Find The Caption of a Label Attached to a Textbox

Getting the Caption of a Textbox Label

Caption of a Label Attached to a Textbox

You might think getting the caption of Textbox Label would be just as simple as getting the caption of a Command Button. However it’s a little bit more involved. I run through the process in this short video… This is the VBA code to get the caption of the textbox….


Finding the caption on a textbox is not quite a straightforward as you might think. This is because the caption is actually contained in the label attached to the textbox. This also causes an issue if you don’t have a label for your text box because if you have deleted the label, then the code to extract the caption will not run it creates an error

Video 1 (4:23)

Video 1 Index

00:10 linked to earlier video – See Video 4 Here:- Lock, Unlock Controls…
00:13 two buttons to perform one function not good!
00:22 command button locks the form so that you cannot type in the text boxes
00:25 the other button unlocks so you can type text in the text field on the form
00:42 you can change two buttons into a single button
00:55 and this is a look at the VBA code for Locking/Unlocking
00:57 the code checks the caption property of the command button, looking to see if the caption contains "Lock" or "Unlock" and then processing the code depending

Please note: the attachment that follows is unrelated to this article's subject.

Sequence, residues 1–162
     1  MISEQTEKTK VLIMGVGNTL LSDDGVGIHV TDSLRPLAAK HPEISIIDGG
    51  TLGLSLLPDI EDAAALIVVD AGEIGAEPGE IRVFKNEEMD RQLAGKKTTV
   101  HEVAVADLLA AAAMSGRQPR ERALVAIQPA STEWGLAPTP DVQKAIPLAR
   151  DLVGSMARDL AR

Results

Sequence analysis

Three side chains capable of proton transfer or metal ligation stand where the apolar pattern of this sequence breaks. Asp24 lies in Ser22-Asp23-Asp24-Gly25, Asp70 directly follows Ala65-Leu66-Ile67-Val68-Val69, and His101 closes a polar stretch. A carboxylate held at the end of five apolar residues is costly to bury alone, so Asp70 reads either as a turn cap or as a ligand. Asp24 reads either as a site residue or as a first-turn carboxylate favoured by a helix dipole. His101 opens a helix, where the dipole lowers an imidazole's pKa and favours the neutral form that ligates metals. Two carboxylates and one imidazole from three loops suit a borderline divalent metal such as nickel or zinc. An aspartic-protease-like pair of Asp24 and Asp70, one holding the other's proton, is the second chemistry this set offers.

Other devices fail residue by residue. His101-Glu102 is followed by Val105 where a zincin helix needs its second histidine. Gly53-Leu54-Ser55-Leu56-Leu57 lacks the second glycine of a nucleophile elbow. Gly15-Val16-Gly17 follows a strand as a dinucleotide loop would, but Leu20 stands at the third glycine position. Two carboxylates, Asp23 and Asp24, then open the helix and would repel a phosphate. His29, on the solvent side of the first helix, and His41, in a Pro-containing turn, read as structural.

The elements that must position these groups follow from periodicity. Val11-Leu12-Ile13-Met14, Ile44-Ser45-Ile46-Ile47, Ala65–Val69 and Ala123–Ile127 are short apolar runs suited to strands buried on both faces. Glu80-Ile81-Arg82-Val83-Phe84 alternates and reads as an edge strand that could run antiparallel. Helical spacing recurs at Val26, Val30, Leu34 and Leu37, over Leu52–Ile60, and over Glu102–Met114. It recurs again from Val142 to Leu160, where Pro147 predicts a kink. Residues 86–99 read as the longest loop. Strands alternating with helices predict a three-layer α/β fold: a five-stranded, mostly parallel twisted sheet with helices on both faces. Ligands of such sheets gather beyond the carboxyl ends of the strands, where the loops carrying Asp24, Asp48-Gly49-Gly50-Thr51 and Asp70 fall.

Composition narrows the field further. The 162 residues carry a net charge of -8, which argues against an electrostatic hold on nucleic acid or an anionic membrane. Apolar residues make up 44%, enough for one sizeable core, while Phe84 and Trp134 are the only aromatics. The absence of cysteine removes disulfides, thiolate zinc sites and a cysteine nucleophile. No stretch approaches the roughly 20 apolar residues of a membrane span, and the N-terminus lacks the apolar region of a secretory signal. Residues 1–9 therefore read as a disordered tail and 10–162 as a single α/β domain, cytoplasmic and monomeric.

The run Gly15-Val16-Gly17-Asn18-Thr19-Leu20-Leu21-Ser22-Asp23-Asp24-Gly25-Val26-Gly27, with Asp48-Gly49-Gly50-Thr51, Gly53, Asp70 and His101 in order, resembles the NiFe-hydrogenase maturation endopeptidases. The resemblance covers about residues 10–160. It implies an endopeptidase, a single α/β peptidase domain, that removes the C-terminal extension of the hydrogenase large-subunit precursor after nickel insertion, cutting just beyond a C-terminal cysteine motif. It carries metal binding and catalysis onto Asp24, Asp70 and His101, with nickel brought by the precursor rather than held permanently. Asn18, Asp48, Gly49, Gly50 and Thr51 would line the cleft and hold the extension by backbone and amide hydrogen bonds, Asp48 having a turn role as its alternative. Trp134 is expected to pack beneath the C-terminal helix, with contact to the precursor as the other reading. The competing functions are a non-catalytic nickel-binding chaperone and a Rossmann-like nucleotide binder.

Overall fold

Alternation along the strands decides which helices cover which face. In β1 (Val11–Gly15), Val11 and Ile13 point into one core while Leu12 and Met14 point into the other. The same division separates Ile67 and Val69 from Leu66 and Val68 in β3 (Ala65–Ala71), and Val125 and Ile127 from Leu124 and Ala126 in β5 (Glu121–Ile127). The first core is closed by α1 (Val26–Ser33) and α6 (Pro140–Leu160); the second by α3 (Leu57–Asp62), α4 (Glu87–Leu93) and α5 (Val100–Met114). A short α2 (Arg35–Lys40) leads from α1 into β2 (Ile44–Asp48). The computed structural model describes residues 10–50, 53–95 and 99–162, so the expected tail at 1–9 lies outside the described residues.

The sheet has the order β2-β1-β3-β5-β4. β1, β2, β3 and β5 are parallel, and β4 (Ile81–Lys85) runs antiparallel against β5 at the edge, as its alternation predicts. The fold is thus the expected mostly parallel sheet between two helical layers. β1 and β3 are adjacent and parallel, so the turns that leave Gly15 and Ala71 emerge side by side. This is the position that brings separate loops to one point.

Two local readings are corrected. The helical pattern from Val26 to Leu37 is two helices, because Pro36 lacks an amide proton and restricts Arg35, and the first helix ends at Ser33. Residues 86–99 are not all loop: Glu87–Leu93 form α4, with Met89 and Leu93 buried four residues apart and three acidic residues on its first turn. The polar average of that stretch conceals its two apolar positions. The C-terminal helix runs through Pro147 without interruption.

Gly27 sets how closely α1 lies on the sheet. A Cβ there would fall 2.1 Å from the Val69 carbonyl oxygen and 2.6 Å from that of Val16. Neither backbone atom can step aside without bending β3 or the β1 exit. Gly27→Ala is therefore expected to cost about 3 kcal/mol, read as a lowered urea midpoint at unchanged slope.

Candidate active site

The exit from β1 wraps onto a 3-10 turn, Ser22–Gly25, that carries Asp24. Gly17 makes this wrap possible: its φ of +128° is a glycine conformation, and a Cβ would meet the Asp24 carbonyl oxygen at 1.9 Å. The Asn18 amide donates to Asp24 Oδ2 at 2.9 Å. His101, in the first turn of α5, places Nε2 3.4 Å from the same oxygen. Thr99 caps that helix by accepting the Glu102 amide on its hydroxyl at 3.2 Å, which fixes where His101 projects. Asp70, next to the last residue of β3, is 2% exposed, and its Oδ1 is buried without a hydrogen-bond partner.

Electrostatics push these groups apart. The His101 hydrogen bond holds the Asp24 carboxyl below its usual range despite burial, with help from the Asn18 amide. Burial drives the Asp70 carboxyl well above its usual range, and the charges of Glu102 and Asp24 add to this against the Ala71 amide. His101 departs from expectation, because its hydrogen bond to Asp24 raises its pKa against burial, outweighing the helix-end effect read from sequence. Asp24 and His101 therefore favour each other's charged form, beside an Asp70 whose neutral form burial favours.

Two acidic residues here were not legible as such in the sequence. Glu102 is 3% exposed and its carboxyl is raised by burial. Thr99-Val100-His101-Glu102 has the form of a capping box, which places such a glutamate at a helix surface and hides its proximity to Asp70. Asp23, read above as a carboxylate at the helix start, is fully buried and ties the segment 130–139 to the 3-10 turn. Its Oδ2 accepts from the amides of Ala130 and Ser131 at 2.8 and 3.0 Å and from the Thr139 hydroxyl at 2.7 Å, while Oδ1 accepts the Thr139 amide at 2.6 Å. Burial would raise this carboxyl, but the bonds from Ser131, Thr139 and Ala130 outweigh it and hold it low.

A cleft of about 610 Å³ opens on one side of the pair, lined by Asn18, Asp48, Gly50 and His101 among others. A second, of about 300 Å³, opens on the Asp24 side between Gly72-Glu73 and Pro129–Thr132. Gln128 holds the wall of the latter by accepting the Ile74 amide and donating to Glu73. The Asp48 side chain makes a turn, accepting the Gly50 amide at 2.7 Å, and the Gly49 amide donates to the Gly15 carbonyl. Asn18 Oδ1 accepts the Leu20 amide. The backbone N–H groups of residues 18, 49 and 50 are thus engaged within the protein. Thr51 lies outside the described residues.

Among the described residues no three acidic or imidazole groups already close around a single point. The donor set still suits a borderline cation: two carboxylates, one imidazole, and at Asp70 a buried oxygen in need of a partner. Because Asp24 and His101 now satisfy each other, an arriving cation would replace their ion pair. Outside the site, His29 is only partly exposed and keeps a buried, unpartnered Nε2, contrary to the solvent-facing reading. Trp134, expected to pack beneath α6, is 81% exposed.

01:14 however a text-box is different from a command button in that it doesn't have a caption property
01:22 a textbox has a label and the label gives it the text box a caption
01:33 this is the VBA code for capturing a command buttons caption
01:50 however if you try and extract the caption from a textbox in the same way as you do from a command button you generate an error "Method or data member not found (Error 461)"
02:00 this is because a textbox does not have a caption, the label attached to the textbox contains the caption
02:16 demo of the code for getting the caption from a textbox label
02:36 the VBA code to extract the Caption from the textbox label is:- Me.txtGetMyCaption.Controls(0).Caption
02:48 you are effectively looking through the collection of controls related to the text-box and as far as I'm aware there's only one control!
03:30 you can also get the label name in the same manner just by altering the code slightly Me.txtGetMyCaption.Controls(0).Name
03:38 notice how when you type in "name" in lower case MS Access automatically makes the first letter uppercase. "Name" This is a good indication that "name" is a valid property and the will most likely work
03:50 it's always a good idea to test for conditions that might be prevalent in the future, like a missing label. When you delete the label the code fails reporting error:- Run-time error 2467 – The expression you entered refers to an object that is closed or doesn't exist

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